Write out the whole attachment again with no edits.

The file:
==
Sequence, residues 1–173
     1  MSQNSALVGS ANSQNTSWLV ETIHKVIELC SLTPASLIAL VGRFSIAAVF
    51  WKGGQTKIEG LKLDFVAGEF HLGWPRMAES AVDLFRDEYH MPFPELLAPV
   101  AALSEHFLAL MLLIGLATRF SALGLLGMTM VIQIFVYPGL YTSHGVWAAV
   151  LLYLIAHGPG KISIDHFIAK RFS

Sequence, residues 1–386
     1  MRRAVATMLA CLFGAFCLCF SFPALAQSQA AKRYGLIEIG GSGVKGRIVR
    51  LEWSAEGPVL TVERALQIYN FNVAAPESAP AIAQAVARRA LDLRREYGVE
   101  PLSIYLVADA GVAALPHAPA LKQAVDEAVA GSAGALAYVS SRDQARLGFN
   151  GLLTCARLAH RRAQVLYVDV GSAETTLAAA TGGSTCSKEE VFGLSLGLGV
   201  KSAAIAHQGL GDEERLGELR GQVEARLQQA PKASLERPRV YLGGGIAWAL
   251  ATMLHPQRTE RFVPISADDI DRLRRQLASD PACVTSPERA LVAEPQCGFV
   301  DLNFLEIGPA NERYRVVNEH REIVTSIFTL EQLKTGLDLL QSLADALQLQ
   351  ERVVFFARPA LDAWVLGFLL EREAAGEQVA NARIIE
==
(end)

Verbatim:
Sequence, residues 1–173
     1  MSQNSALVGS ANSQNTSWLV ETIHKVIELC SLTPASLIAL VGRFSIAAVF
    51  WKGGQTKIEG LKLDFVAGEF HLGWPRMAES AVDLFRDEYH MPFPELLAPV
   101  AALSEHFLAL MLLIGLATRF SALGLLGMTM VIQIFVYPGL YTSHGVWAAV
   151  LLYLIAHGPG KISIDHFIAK RFS

Sequence, residues 1–386
     1  MRRAVATMLA CLFGAFCLCF SFPALAQSQA AKRYGLIEIG GSGVKGRIVR
    51  LEWSAEGPVL TVERALQIYN FNVAAPESAP AIAQAVARRA LDLRREYGVE
   101  PLSIYLVADA GVAALPHAPA LKQAVDEAVA GSAGALAYVS SRDQARLGFN
   151  GLLTCARLAH RRAQVLYVDV GSAETTLAAA TGGSTCSKEE VFGLSLGLGV
   201  KSAAIAHQGL GDEERLGELR GQVEARLQQA PKASLERPRV YLGGGIAWAL
   251  ATMLHPQRTE RFVPISADDI DRLRRQLASD PACVTSPERA LVAEPQCGFV
   301  DLNFLEIGPA NERYRVVNEH REIVTSIFTL EQLKTGLDLL QSLADALQLQ
   351  ERVVFFARPA LDAWVLGFLL EREAAGEQVA NARIIE